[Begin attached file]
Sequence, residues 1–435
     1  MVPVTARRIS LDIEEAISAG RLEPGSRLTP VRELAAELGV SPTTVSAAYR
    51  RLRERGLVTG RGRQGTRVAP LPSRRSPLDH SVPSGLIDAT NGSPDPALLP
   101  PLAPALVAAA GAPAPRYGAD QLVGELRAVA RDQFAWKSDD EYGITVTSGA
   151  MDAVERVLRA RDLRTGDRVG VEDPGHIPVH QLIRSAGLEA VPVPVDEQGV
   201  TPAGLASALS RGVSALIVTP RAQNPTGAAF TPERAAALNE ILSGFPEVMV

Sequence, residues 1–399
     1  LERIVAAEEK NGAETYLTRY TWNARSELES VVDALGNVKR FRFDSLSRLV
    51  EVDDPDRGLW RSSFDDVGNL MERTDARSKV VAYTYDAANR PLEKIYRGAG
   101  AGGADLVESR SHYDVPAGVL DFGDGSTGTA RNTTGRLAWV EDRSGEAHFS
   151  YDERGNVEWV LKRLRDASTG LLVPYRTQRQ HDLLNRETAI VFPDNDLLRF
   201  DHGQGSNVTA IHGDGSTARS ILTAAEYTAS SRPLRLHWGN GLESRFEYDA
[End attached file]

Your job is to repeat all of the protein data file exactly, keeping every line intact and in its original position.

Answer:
Sequence, residues 1–435
     1  MVPVTARRIS LDIEEAISAG RLEPGSRLTP VRELAAELGV SPTTVSAAYR
    51  RLRERGLVTG RGRQGTRVAP LPSRRSPLDH SVPSGLIDAT NGSPDPALLP
   101  PLAPALVAAA GAPAPRYGAD QLVGELRAVA RDQFAWKSDD EYGITVTSGA
   151  MDAVERVLRA RDLRTGDRVG VEDPGHIPVH QLIRSAGLEA VPVPVDEQGV
   201  TPAGLASALS RGVSALIVTP RAQNPTGAAF TPERAAALNE ILSGFPEVMV

Sequence, residues 1–399
     1  LERIVAAEEK NGAETYLTRY TWNARSELES VVDALGNVKR FRFDSLSRLV
    51  EVDDPDRGLW RSSFDDVGNL MERTDARSKV VAYTYDAANR PLEKIYRGAG
   101  AGGADLVESR SHYDVPAGVL DFGDGSTGTA RNTTGRLAWV EDRSGEAHFS
   151  YDERGNVEWV LKRLRDASTG LLVPYRTQRQ HDLLNRETAI VFPDNDLLRF
   201  DHGQGSNVTA IHGDGSTARS ILTAAEYTAS SRPLRLHWGN GLESRFEYDA